Senior Member Stevo's Avatar
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    It looks like this is the best I can do with controlling the chain slack. It appears to be working pretty good... I'll see how long these ceramic bearings last.
    Current rides: '96 Honda Ohlins VFR, '03 Cannondale C440R, '03 Cannondale Cannibal, '06 Yamaha 450 Wolverine 4x4
    Current builds: WORX.VOR.v3.2

  5. Likes Ted Dillard, Richard230 liked this post
  6. #65
    Senior Member Ted Dillard's Avatar
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    That's kind of brilliant... in a sick and twisted way, of course!

    Good job - it will be interesting to see what, if anything, fails. Looks pretty beefy to me, though.
    Power in Flux: The History of Electric Motorcycles
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  7. #66
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    That is a neat solution to accommodating chain slack as the suspension moves. However, I will make one observation: All of the street/dual purpose motorcycles that I have seen don't use an active chain tensioner but instead use a replaceable plastic rubbing rail along a portion of the upper swing arm to keep it from being damaged as the chain rubs against it. Now that is either an indication that you don't need an active tensioning device to control chain slap - or that the manufacturers selected the cheapest method of dealing with the issue and that they don't think chain slap is a safety problem and just want to protect the swing arm from damage.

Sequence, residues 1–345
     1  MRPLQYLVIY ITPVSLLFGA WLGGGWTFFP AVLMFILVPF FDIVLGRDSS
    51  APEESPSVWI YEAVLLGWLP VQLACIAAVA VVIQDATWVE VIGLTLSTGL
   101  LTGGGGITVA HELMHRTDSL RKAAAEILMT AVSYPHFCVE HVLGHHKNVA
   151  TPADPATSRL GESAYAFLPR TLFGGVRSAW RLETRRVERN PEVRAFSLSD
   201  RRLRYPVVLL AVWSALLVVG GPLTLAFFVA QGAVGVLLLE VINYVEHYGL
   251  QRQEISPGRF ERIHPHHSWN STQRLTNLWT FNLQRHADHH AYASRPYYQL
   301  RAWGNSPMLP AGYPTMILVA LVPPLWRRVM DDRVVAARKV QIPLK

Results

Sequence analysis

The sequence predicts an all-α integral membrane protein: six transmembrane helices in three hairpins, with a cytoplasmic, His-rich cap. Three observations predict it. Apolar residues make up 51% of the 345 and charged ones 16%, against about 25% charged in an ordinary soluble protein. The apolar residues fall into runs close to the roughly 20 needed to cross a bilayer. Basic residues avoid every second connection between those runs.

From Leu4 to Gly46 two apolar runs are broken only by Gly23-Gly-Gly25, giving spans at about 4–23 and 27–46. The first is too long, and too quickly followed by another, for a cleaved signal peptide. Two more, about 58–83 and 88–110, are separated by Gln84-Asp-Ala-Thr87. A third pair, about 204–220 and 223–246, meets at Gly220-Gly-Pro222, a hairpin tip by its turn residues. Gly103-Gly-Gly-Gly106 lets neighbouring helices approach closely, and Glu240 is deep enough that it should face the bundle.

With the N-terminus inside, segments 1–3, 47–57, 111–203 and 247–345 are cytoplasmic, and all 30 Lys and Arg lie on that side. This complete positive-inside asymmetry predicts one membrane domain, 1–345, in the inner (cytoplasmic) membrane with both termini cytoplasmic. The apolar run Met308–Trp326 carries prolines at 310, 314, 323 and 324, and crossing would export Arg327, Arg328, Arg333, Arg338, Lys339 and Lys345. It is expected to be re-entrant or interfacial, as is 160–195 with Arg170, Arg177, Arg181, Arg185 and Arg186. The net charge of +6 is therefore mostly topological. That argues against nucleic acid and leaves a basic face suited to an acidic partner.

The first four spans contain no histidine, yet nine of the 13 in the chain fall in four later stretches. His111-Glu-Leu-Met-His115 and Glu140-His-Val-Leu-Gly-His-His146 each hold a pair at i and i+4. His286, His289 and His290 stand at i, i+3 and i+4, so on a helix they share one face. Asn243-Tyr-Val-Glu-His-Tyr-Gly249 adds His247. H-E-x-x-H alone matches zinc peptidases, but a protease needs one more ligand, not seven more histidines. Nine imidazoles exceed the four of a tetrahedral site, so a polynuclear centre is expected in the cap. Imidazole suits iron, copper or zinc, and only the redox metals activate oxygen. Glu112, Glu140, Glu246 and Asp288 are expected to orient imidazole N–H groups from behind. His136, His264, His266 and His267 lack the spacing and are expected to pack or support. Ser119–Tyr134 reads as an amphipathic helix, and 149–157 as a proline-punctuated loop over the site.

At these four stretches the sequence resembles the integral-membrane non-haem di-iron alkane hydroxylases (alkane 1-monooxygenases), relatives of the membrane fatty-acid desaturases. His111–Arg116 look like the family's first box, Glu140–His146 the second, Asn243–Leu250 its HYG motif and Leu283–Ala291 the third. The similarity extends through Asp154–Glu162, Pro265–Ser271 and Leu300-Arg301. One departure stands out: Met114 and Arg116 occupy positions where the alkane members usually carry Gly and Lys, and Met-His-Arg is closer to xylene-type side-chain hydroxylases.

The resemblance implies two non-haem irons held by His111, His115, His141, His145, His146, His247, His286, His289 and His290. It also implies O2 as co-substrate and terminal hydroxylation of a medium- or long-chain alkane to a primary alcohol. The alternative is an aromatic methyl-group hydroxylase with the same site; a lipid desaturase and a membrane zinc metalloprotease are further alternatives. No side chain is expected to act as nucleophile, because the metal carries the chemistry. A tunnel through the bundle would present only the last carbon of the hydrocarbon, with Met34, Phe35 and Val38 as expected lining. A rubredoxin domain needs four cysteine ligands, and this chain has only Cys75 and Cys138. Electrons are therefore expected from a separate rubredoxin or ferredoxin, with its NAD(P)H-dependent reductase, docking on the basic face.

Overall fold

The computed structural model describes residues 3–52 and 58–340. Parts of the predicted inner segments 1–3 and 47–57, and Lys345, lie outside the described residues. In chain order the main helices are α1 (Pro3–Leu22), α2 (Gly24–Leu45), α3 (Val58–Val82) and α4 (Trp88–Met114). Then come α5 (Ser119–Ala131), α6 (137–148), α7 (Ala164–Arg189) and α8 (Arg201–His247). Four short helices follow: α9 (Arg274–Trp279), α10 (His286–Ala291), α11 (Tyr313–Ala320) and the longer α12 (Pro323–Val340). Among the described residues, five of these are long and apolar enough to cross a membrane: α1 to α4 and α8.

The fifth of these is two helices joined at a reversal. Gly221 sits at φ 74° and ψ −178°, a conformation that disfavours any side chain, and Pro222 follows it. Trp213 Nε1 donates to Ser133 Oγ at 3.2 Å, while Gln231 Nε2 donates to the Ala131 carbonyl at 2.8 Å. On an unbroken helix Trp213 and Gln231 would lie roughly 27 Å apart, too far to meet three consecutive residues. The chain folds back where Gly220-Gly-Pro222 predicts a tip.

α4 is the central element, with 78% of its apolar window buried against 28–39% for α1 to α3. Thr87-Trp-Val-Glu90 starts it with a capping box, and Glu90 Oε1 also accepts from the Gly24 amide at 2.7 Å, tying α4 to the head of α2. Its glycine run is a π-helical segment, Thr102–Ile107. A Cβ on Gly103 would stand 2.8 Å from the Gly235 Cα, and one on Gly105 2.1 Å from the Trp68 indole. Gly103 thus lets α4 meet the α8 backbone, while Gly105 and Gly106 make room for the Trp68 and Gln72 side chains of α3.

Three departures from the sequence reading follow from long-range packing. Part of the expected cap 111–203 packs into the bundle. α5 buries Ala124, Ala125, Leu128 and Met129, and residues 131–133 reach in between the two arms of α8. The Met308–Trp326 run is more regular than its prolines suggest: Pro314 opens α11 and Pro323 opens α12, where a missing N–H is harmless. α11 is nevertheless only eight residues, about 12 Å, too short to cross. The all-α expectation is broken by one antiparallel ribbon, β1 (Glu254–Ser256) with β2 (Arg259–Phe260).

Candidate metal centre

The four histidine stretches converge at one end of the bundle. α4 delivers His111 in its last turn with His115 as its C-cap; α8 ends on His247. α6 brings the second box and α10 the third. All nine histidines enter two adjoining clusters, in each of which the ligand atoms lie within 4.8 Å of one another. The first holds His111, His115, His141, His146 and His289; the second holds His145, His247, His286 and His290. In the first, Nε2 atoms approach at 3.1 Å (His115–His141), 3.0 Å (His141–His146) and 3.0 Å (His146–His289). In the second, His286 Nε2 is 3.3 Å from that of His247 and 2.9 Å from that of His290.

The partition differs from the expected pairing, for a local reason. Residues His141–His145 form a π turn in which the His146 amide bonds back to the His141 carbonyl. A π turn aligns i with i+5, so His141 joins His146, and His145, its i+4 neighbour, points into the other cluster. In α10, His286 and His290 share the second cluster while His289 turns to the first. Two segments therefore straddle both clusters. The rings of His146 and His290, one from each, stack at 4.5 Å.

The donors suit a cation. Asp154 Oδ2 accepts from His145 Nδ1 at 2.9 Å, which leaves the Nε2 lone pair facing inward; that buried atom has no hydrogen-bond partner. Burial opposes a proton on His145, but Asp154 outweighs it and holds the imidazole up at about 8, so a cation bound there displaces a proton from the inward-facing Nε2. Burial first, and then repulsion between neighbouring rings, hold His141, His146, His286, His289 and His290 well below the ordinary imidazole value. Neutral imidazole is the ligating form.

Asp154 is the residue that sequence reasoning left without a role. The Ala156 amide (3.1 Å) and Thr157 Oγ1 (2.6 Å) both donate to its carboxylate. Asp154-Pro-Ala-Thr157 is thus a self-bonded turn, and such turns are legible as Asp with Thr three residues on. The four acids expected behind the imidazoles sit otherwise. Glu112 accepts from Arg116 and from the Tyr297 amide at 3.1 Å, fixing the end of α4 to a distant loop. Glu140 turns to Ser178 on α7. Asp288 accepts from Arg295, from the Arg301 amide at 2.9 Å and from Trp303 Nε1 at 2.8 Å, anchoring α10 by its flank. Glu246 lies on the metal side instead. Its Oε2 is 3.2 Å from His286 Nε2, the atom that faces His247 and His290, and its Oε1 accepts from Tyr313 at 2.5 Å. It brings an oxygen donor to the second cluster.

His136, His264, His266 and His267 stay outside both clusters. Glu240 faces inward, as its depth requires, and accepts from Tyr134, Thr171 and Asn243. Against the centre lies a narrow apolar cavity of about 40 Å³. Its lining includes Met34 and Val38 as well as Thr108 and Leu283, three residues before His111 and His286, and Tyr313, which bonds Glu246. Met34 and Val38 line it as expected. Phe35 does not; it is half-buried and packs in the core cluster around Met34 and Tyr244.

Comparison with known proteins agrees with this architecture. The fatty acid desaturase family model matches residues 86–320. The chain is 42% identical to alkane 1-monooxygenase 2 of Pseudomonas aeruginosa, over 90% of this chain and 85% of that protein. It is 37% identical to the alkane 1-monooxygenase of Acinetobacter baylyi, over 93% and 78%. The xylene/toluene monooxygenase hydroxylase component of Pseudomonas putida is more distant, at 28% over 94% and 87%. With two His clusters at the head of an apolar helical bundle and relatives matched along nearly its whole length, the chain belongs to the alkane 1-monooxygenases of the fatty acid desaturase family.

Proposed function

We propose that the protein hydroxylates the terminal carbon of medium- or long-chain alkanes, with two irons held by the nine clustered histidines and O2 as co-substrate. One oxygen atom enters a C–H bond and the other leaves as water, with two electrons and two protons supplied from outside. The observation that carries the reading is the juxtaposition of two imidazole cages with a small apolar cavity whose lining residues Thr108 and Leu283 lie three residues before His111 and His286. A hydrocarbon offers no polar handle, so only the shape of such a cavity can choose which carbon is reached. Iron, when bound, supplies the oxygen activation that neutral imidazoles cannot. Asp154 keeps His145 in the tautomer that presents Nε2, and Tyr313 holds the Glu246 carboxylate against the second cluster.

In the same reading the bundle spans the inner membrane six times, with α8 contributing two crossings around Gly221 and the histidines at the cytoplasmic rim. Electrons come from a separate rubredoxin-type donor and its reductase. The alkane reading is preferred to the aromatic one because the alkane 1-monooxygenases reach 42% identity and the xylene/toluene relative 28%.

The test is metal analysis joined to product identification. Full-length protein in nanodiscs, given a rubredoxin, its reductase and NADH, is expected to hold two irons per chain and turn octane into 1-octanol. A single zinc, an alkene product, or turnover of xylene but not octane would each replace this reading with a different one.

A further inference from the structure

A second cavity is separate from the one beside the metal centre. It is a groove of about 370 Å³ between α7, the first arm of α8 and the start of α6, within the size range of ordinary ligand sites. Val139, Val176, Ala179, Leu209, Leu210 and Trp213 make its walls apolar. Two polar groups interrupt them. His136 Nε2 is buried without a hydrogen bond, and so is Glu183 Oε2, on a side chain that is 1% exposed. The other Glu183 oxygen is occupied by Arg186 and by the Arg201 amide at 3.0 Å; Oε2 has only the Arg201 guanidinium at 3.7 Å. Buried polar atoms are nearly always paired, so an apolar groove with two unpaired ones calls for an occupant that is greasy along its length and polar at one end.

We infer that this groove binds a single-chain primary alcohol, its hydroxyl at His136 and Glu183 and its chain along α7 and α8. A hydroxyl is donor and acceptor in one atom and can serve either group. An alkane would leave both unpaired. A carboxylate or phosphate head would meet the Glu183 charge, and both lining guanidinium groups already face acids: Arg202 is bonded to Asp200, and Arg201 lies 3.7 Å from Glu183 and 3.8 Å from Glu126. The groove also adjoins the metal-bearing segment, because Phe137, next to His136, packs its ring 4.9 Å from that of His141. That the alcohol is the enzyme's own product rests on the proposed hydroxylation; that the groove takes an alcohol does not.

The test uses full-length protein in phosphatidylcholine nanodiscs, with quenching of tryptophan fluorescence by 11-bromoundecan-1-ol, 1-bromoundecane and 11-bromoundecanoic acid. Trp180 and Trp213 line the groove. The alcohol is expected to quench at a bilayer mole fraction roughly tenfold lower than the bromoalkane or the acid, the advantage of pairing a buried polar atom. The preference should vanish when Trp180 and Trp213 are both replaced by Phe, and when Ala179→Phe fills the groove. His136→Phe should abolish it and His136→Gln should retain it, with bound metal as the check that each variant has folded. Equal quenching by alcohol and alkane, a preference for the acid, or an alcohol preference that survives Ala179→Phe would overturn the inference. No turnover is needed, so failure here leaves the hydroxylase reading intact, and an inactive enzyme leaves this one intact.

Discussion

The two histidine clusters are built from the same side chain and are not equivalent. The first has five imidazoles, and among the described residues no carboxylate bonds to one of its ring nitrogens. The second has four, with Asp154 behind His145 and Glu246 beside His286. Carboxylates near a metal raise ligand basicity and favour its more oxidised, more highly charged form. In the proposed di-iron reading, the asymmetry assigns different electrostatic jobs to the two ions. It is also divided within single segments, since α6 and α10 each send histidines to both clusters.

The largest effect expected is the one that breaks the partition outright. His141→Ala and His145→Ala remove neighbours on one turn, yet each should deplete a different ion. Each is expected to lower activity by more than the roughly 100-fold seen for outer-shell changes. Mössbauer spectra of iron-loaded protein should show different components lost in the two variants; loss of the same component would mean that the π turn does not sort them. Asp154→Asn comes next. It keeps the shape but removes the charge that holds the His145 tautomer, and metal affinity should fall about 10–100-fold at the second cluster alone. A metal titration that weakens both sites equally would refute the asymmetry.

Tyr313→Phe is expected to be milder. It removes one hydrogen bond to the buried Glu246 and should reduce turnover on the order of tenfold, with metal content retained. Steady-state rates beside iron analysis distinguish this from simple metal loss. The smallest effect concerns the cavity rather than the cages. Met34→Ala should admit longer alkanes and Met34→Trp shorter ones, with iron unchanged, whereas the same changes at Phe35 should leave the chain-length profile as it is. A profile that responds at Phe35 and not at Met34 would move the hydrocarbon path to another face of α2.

Richard - Current bikes: 2018 16.6 kWh Zero S, 2016 BMW R1200RS, 2011 Royal Enfield 500, 2009 BMW F650GS, 2005 Triumph T-100 Bonneville, 2002 Yamaha FZ1 (FZS1000N) and a 1978 Honda Kick 'N Go Senior.

  8. #67
    Senior Member Stevo's Avatar